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Stainless Steel?

Discussion in 'General Gun Discussions' started by Nightcrawler, May 8, 2004.

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  1. Nightcrawler

    Nightcrawler Member

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    When did stainless steel start appearing on firearms? It seems to me that it was a post World War II innovation (stainless steel guns), but I'm not sure.
     
  2. Tom C.

    Tom C. Member

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    I believe it began in the late 60's with the S&W Model 60, .38 snub. The stainless is much more difficult to machine and took a while to develop the processes to make a complete gun. Requires different alloys for mating parts, etc.
     
  3. Barbara

    Barbara Member

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    Dunno the answer to that question, but have found myself wondering lately how long before the price of steel has an impact on gun prices.
     
  4. buttrap

    buttrap Member

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    The gas tube on a M-1 rifle is stainless steel as of like late 1930s. Steel does like gas you may see a 2 buck raise in gun prices. Price of steel realy has no impact on gun prices
     
  5. Barbara

    Barbara Member

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    The Chinese are buying up every bit of metal (and scrap) they can, and there have been a lot of other problems, and the prices are skyrocketing, so its going to have an impact..I agree not so much on guns themselves, but ammunition, and everything else in life we use that is made of metal.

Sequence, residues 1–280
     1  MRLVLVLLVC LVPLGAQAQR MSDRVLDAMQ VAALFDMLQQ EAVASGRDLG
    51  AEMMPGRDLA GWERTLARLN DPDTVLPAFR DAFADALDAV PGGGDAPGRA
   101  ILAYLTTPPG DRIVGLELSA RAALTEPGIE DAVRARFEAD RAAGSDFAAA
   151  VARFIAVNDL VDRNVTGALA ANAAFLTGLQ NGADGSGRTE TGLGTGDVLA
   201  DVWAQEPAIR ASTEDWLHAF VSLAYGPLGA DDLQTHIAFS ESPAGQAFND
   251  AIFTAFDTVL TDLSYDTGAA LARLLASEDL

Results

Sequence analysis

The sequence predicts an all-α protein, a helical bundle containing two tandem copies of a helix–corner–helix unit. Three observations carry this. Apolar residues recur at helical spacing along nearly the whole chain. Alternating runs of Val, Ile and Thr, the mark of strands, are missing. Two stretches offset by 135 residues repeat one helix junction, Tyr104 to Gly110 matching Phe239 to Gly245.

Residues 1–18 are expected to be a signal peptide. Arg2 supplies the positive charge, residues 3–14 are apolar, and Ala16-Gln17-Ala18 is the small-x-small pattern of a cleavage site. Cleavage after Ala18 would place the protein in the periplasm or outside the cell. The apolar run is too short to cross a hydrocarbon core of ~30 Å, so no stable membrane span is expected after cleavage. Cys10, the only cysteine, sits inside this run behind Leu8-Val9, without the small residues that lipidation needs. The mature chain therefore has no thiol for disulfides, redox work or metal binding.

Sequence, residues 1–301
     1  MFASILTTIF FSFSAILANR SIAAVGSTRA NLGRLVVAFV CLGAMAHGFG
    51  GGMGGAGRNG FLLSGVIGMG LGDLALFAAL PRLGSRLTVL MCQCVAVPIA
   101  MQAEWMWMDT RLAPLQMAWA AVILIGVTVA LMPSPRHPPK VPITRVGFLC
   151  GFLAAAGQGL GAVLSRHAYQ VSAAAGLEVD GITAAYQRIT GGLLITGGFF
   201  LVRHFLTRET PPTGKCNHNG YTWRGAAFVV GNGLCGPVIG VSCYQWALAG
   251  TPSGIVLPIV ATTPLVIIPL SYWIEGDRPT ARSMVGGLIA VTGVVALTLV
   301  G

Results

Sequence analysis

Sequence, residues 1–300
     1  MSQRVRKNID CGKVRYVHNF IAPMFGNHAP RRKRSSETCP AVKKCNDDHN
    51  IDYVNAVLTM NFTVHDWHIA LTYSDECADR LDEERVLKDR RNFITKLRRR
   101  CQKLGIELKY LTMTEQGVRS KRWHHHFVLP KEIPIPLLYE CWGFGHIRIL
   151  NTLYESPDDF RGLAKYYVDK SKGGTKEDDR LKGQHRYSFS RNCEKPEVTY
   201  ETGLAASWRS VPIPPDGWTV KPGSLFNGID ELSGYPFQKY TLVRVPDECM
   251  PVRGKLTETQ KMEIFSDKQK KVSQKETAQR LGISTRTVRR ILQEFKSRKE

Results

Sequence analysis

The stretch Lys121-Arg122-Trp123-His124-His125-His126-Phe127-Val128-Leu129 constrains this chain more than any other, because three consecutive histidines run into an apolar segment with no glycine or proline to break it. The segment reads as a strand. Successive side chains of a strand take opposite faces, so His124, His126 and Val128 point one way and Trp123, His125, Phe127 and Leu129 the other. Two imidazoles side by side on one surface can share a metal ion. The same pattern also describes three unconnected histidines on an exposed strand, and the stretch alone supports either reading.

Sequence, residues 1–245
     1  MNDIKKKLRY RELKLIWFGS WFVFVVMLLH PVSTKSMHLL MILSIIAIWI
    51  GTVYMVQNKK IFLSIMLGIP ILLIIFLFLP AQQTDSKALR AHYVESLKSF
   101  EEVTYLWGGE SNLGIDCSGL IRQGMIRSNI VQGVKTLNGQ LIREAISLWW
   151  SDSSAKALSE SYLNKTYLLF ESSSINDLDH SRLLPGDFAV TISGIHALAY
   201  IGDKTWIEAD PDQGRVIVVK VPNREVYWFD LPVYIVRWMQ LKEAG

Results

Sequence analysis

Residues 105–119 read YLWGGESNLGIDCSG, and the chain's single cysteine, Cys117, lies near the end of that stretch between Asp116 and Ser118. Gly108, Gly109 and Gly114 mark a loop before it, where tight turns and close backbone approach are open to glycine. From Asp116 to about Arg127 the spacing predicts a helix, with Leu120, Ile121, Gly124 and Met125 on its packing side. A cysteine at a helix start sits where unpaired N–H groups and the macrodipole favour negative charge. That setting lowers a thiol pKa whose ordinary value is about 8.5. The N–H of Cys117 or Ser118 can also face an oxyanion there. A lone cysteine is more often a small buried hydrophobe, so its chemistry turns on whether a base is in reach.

6. BluesBear

    BluesBear member

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    S&W introduced the Model 60 in 1965. I believe that was the first "all stainless" firearm.

    I remember reading about it in Guns & Ammo (my grade school library had a subscription). It didn't really seem to be a big deal at the time. A few were impressed but the concensus was that it would never be as popular as carbon steel.

    In 1970 when the 64 and 66 were introduced hardly anyone batted an eye.
    Same in 1972 when the 65 and 67 came along.
    But things had changed by 1979 when the 629 was released. It was almost 2 years before I was able to even see one. The demand was incredible. S&W was spending so much time making K and L frames that J and N frames were being scalped and by 1980 the $165 retail model 60 was "selling" for $250! By 1983 they were $350.
     
  7. 4v50 Gary

    4v50 Gary Moderator Staff Member

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    Speaking of the Chinese, why aren't we selling them all those wrecked tanks & APCs in Afghanistan?
     
  8. SkunkApe

    SkunkApe Member

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    The price for free-machining and low carbon steels has gone up about $.12 per pound, from about $.35 to $.47 for cold-drawn bar. I'm not sure about other types, but I think its about the same. Steel increases, so far, I'm sure result in no more than $1 per gun in additional material cost. (Glocks affected less, of course.)
     
  9. Barbara

    Barbara Member

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    It's a cumulative thing, though. The actual metal for gun itself, the tooling required to produce it, etc. I agree it won't be a huge part of the price of a firearm, but the increases are going to start impacting us pretty quickly, I think.

    Ammunition will have to be affected soon. The prices for alloys are rising so much, so quickly, that I don't see how it can't cause increases in retail pricing. I buy from the same company that makes Winchester ammunition and they've just announced across the board price increases to us.

    http://www.manufacturing.net/pur/

     
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